Anyone following the debate on European security might notice that there is a lot more to tackle than just money and cooperation. The EU’s long-term ambition to enhance women’s involvement in the Common Security and Defence Policy (CSDP) shows the bloc’s dedication to upholding human rights, fortifying missions and operations, and advancing gender equality.

So it did not go unnoticed that in March last year, Portugal – a founding member of NATO – appointed Helena Carreiras as its defence minister, joining countries such as Austria, Belgium, Czechia, Latvia and the Netherlands in shifting the paradigm towards greater gender balance at the highest level.

Carreiras brings with her an intellectual rigour. She was the first woman to head Portugal’s National Defence Institute, a public institution to support national strategic thinking. She also has taught and written widely on security and defence, and civil-military relations. She has chaired a number of military education and research posts both in Lisbon and at the European level.

“From the Portuguese perspective, defence cooperation between EU countries is paramount,” she says. “Defence cooperation at the EU level takes many forms, while allowing Member States to remain autonomous. And this is positive,” Carreiras says. “We are unlocking the potential of European defence cooperation in new areas, while deepening it in others.”

For Portugal, as an Atlantic country, the approach makes sense because different countries have different strategic interests and capabilities. With a long naval tradition, Portugal is critical in protecting transatlantic sea routes.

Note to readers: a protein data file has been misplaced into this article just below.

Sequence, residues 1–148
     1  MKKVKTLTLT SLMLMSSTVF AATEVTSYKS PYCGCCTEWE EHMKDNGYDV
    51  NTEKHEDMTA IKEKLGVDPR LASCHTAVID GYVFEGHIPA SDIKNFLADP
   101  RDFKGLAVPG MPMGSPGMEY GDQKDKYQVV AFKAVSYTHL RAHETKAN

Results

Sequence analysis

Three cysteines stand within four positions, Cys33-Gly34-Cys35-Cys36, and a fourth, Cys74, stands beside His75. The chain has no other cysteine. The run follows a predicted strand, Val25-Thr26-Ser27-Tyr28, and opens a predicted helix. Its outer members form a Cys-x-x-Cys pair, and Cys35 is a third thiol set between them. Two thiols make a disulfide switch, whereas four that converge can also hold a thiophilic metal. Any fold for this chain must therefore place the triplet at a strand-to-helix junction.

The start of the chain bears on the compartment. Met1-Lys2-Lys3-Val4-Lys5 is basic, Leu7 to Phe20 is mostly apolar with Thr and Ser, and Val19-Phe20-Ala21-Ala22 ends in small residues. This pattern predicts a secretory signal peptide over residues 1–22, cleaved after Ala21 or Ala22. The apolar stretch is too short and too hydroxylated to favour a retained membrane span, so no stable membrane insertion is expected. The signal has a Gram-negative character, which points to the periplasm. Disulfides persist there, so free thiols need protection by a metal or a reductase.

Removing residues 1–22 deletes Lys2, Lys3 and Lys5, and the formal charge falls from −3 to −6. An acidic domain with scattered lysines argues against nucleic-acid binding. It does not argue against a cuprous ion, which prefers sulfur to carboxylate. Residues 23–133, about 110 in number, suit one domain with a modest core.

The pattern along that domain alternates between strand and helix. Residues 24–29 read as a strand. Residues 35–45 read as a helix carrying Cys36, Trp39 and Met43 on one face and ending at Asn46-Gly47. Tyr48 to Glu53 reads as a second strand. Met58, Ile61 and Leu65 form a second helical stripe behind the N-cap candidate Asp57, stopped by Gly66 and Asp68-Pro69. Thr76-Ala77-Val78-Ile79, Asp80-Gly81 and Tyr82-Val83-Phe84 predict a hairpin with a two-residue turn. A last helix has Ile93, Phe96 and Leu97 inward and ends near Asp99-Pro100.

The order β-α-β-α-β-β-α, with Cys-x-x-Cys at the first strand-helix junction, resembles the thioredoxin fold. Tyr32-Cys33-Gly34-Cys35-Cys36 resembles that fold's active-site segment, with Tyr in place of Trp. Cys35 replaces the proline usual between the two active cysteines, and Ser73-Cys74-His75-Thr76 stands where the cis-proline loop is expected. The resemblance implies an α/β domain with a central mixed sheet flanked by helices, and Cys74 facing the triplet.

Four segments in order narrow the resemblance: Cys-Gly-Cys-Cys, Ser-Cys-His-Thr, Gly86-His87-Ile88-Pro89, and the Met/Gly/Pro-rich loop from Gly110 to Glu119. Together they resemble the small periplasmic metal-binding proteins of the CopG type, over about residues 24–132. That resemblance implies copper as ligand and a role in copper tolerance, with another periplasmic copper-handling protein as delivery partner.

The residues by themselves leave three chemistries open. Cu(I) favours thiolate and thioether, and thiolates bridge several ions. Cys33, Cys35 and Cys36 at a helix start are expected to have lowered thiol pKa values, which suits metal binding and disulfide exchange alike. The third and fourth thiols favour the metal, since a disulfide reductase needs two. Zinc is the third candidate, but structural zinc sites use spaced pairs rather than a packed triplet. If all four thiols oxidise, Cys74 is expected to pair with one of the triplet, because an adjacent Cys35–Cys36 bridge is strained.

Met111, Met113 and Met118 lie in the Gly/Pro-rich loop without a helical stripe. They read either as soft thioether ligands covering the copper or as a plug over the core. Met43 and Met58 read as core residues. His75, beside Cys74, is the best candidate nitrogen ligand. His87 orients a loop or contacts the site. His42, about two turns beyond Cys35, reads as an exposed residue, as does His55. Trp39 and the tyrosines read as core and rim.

Even so, the impact of a bitter land war in Europe is not lost on Carreiras. “The war in Ukraine has had an inevitable impact on our view of European defence,” she says. Despite its western geographic position, Portugal is helping to reinforce NATO’s eastern flank, while also providing support to Ukraine. Carreiras visited Kyiv in February on the first anniversary of the war.

“The war boosted and accelerated our cooperation as Member States, but it also had an impact on how we perceive the role of EU organs and institutions. Similarly, there is further development of new possibilities regarding synergies with NATO in several domains. NATO’s enlargement, triggered by the war, has made this even more evident.”

Channelling Aristotle: The whole must be greater

European countries should tackle the long years of underinvestment in defence, Carreiras says. “We must take decisive steps, at a good pace, to ensure the security of Europe. This encompasses two things: that our armed forces are interoperable, capable, and combat ready, and that we have a strong, competitive European Defence Industrial and Technological Base (EDTIB),” she asserts. “We must aim for a true EDTIB, which must be greater than the sum of our national parts.”

It must not be dominated by a few large companies, either, she says. “Greater cohesion and the effective integration of small- and medium-sized enterprises (SMEs) is fundamental to ensure a more integrated EDTIB, instead of only a few larger companies from only a few larger Member States providing the necessary capabilities.”

When it comes to the European Defence Fund, the EU still needs a longer-term strategy, she says.

“There are two aspects that we must look carefully at: the time it takes to fully develop a military defence capability; and, on the other hand, the fact that the European Defence Fund (EDF) is still part of an industrial policy and not a part of a truly integrated defence policy,” Carreiras says. “It is thus vital to strike a balance between ‘big’ and ‘small’ projects: multiannual flagship projects must support the cross-border participation of SMEs and research organisations to promote the EDTIB’s level playing field in the EU.”

In addition, Carreiras says: “We must take into consideration, and act upon, the importance of all operational domains – including outer space and cyberspace – and how important the exchange of information and cooperation are in the current context.”